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Age doesn't mean anything other than inexperience, and even then, I'm sure in your generation there were plenty of people that couldn't drive stick, or couldn't drive it well, or ended up just deciding that the automatic was easier. Why do you think the automatic transmission was developed from the 1940s onwards?
 
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None of which has to do with the kind of transmission the vehicle uses.

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Age doesn't mean anything other than inexperience, and even then, I'm sure in your generation there were plenty of people that couldn't drive stick, or couldn't drive it well, or ended up just deciding that the automatic was easier. Why do you think the automatic transmission was developed from the 1940s onwards?
Not to mention that many of the automatics that young people are buying cheap and learning to drive on were probably owned by older generations first, so who's to blame 🤷‍♂️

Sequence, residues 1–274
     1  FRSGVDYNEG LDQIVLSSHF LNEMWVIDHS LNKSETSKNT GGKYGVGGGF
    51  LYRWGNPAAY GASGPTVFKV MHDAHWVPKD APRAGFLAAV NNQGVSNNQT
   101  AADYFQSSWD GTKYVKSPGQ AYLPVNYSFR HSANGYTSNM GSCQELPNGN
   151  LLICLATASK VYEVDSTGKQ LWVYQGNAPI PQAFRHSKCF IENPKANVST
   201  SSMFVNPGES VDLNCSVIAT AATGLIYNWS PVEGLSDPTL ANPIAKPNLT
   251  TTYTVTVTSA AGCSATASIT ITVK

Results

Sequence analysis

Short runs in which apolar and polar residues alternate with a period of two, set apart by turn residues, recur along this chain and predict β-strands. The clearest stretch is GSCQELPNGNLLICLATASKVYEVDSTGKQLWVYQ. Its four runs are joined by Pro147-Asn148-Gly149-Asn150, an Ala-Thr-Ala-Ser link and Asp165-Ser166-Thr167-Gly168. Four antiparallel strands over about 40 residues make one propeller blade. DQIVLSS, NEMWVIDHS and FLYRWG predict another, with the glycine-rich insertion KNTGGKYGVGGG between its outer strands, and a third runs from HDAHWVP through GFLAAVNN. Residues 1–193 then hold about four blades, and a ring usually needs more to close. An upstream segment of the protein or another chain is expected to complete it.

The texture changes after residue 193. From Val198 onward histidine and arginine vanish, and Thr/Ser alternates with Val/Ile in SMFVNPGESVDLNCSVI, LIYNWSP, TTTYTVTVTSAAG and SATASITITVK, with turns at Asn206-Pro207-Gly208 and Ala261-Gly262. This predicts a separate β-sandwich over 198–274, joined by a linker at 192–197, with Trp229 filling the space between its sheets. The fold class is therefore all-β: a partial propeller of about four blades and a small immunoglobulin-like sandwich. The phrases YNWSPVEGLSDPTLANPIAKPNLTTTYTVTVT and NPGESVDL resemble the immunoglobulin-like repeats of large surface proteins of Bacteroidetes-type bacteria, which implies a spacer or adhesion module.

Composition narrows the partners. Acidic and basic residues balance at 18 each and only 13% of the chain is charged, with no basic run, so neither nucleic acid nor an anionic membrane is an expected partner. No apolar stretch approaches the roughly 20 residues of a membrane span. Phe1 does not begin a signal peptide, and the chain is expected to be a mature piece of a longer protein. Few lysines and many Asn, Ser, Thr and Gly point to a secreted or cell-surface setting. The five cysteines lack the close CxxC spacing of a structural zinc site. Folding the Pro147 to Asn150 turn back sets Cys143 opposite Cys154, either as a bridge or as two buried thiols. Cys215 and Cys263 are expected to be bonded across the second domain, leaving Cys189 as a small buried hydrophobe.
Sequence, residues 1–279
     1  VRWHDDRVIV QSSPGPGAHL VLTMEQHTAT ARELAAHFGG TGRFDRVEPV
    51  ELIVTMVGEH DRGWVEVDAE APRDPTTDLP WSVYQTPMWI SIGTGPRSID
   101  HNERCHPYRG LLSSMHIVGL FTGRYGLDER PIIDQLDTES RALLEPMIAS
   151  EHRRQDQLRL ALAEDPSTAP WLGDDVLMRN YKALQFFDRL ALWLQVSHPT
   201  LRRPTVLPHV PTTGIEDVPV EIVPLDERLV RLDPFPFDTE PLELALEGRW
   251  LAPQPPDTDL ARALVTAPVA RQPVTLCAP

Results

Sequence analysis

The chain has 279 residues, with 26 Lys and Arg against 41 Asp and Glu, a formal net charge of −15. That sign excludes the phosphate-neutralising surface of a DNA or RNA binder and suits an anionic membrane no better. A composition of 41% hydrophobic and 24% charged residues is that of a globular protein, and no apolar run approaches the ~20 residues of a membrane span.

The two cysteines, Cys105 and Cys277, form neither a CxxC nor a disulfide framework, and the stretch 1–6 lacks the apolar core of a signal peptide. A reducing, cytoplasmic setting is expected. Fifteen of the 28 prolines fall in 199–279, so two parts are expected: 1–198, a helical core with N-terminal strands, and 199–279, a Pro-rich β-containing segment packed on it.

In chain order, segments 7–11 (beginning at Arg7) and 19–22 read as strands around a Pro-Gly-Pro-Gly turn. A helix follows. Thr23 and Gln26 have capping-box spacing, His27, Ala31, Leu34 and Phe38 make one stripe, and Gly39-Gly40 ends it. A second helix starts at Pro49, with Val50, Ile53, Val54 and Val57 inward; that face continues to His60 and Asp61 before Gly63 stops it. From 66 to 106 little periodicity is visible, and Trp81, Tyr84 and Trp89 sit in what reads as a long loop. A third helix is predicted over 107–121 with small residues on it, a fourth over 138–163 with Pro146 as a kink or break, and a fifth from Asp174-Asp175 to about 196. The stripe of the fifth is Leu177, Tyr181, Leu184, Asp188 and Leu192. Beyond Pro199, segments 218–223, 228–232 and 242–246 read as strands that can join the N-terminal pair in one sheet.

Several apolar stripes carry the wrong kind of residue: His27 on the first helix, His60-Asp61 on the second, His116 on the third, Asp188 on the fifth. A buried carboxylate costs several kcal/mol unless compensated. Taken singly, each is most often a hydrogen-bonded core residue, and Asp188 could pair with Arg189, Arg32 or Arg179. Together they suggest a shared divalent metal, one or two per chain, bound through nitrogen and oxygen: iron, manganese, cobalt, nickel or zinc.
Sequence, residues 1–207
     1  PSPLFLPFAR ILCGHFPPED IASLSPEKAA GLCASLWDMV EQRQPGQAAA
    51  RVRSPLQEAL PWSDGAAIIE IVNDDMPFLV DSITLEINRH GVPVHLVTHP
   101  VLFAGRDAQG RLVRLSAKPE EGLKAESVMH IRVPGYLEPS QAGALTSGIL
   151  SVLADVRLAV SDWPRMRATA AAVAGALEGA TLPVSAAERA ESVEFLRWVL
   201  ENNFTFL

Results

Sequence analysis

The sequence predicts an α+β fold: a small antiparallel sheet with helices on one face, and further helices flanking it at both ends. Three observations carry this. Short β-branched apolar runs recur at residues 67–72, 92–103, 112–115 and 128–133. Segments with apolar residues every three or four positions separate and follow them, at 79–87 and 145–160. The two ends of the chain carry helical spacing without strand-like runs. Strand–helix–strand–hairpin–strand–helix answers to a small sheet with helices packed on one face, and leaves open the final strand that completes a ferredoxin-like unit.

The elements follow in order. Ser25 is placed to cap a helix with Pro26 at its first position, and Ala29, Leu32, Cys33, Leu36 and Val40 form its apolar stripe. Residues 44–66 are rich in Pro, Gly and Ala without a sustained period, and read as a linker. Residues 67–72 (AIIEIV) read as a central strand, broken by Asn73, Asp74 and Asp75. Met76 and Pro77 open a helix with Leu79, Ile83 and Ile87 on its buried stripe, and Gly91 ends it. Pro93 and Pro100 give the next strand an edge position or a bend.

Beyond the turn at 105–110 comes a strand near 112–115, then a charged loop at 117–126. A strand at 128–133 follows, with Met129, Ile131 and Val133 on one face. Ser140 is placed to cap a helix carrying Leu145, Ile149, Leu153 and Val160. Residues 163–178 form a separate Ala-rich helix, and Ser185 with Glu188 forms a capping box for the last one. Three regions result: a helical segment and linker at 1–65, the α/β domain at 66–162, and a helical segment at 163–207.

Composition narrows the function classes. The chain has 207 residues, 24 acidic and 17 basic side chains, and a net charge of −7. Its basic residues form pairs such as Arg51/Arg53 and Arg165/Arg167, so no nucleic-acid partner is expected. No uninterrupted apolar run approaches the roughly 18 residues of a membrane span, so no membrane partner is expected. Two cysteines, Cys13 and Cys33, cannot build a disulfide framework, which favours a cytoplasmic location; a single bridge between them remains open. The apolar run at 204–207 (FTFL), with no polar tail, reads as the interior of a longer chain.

Manual transmissions are going the way if the dodo in North America, except for a select few enthusiast vehicles and a couple of new commuter cars. It's sad, but it's silly to shame young people for maybe not having having the opportunity to learn. Besides, many people view driving as a chore, regardless of age; vehicles are an appliance/tool to them.

We're all users on a truck enthusiast forum, of course most of us know how to drive manual transmissions because we are enthusiasts. The average driver is not, and that's okay! Regardless of their age.
 

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We're all users on a truck enthusiast forum, of course most of us know how to drive manual transmissions because we are enthusiasts. The average driver is not, and that's okay! Regardless of their age.
I just borrowed a buddy's dual-axle flat trailer to move my MIL, he tows it with his '96 Ford F150 4x4 with a manual. Even as much as he likes manual transmissions (his old Corolla is manual too and his wife's Saabaru was) he acknowledged burning out clutches as a result of towing bulk material like gravel or sand.